Sunday, May 20, 2007

Sarawak - Colonial District !!!

As promise, here I post again some information on Sarawak for those who love to know more especially Lizzy, Chelle and Susimac who looking forward to my next installment.

Here goes :
There are many old buildings in the Colonial District of Kuching which survived World War II.

Completed in 1879, Fort Margarita commands a breathtaking and strategic position along the Sarawak River, with a location chosen to overlook the long stretch of river approaching Kuching. Named after the second Rajah, Charles Brooke's wife, the Ranee Margaret, it was built in the defensive edifice/castle style of the late English renaissance. Fort Margherita has been converted into a Police Museum and many of its old cannons, cannon balls, guns, pistols, swords and other vestiges of its artillery can still be seen. The armoury still exists as does the condemned prisoner's cell. The Police Museum has a display of old police weapons, reconstructed opium dens and scenes of hanging and other forms of criminal punishment.

The Astana which lies in regal splendour accross the river, is a majestic building with romantic history. The second Rajah, Charles Brooke, built this palace in 1870 as a birdal gift for his wife, the Ranee Margaret. Then known as the Goverment House, it is actually three separate buildings fused into one, with each connected to the other by short and narrow passageways. First occupied by Charles Brooke in 1870, it was the private residence of the second Rajah. It has undergone substantial alterations and renovations and is today the official residence of the Yang di-Pertua Negeri, the Governor of Sarawak.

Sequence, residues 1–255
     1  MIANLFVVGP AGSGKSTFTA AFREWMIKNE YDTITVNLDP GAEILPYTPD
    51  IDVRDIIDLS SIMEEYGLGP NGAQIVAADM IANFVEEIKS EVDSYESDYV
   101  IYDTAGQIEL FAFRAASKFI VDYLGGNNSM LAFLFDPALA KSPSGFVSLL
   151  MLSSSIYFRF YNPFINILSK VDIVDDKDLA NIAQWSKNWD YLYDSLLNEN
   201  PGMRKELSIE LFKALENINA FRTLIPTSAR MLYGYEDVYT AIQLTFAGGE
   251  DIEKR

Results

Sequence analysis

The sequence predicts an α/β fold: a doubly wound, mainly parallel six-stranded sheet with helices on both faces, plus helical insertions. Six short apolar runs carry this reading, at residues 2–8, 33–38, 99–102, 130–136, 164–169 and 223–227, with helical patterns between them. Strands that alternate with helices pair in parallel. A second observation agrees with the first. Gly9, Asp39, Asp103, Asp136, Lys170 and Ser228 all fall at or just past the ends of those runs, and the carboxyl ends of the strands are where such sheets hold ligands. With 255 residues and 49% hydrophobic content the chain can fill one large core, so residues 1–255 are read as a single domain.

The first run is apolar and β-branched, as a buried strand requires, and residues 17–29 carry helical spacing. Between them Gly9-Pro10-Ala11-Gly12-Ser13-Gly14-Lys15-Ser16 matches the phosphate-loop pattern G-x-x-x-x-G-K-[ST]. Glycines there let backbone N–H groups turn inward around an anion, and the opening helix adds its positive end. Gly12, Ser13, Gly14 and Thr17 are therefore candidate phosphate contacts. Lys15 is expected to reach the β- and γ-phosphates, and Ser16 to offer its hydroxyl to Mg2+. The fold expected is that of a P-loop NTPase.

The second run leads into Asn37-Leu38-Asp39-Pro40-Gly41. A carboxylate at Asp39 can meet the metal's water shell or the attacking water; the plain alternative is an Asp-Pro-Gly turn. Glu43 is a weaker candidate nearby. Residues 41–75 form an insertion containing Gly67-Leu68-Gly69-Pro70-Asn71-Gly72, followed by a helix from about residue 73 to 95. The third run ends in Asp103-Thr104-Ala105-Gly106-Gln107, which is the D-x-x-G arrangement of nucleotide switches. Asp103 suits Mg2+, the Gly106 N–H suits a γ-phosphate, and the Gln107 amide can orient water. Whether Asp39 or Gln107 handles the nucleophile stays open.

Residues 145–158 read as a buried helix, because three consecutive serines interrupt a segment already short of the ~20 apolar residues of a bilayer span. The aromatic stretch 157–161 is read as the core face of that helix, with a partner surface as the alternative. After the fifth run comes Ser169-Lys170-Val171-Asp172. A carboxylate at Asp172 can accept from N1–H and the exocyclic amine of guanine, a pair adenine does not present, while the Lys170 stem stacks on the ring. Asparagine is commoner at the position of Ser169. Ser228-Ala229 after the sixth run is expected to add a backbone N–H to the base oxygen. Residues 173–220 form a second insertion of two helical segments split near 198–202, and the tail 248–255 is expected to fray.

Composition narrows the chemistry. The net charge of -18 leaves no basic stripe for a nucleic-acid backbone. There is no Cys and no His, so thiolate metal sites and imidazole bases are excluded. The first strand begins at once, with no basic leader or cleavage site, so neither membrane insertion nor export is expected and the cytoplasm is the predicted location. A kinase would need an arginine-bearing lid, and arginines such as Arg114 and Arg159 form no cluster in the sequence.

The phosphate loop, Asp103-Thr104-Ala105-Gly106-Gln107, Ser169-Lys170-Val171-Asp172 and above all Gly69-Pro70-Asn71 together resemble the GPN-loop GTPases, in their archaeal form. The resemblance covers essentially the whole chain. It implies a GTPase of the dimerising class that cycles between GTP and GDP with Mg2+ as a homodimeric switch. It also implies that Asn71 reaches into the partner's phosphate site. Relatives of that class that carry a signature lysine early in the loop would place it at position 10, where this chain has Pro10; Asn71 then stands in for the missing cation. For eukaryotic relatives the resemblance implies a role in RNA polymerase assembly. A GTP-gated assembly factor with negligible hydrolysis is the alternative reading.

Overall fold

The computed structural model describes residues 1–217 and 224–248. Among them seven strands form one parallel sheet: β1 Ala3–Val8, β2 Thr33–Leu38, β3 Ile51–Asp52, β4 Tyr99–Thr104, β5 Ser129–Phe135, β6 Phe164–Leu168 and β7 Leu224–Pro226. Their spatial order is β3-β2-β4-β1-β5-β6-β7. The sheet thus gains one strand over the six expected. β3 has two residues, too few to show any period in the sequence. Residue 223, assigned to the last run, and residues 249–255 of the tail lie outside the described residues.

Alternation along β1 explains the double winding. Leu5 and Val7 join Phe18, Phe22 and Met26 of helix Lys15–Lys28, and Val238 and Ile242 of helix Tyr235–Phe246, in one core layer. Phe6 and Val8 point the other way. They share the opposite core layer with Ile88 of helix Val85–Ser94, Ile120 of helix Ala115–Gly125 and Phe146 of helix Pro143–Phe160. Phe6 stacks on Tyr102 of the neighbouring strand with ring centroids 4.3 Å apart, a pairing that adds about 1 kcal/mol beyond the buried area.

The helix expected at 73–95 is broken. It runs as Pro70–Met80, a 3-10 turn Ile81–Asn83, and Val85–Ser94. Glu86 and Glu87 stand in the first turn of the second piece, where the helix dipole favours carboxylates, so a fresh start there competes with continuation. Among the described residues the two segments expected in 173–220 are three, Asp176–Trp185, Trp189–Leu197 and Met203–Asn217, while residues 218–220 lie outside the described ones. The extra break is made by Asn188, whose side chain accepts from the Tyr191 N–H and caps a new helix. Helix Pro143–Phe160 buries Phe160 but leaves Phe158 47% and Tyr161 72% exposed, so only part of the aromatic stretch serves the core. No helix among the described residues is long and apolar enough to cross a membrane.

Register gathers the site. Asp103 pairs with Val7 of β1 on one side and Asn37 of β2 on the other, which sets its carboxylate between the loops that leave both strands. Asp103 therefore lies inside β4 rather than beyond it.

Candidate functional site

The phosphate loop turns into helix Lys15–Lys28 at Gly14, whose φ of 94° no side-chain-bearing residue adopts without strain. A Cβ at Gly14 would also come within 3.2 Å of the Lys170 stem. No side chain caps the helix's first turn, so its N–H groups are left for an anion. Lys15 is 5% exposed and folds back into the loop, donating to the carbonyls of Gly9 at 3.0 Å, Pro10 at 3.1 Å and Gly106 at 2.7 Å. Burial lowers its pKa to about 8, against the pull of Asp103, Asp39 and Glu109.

Built in 1930, this was previously the office and warehouse of the Sarawak Steamship company. Extensively restored, its now houses a restaurant, a fast food outlet and a convenience store.

This 1931 building stands out majestically with its imposing neoclassical style and impressive Corinthian columns. In contrast to its ornate facade with semi-circular arches, ornamental columns capitals and friezes, the back of the building is plain and unadorned. Deep parapet walls of plain design hide the pitched root. A colonnaded portico serves as a corridor in front of the building. This will soon be converted into the Sarawak Art Museum.

The Court House was built in 1874 to bring together all government offices and be the venue for all state ceremonies. State council meetings were held here from the fifth council meeting in 1878 until 1973. Befitting its status, this is an impressive building with belian (iron wood) roof and is decorated with beautiful engravings reflecting local art form. It now houses the High Court, the Magistrate's Court and several government departments. Back in 1847, this was originally the site of a missionary which was turned into a judicial administration office. It was demolised in 1858 and two more buildings were put up in its place before the Court House came into being.

Constructed in 1886, the reason for the building of the Round Tower remains a mystery. Because of its structure, it is claimed the building was meant to serve as a fort in an emergency. Instead it became the Dispensary and was then used by the Labour Department until 1980. It now houses a section of the Judicary department. In earlier days, the Round Tower was strategically located to provide an excellent view of the town.

Next to the Round Tower is The Pavilion, which was built in 1909. Regarded as something of an architectural enigma, its design is reminiscent of buildings in the sounthern states of America - a mixture of late English renaissancce and colonial architecture. It served as a General Hospital until 1947. Now, the building is turned into a textile museum.

Built in 1879 as a detention camp for prisoners, the square tower was later converted into a fortress and then a dance hall. Today it is a multimedia information centre and video theatre providing information on Sarawak's tourist attraction.

Till my next installment, friend.

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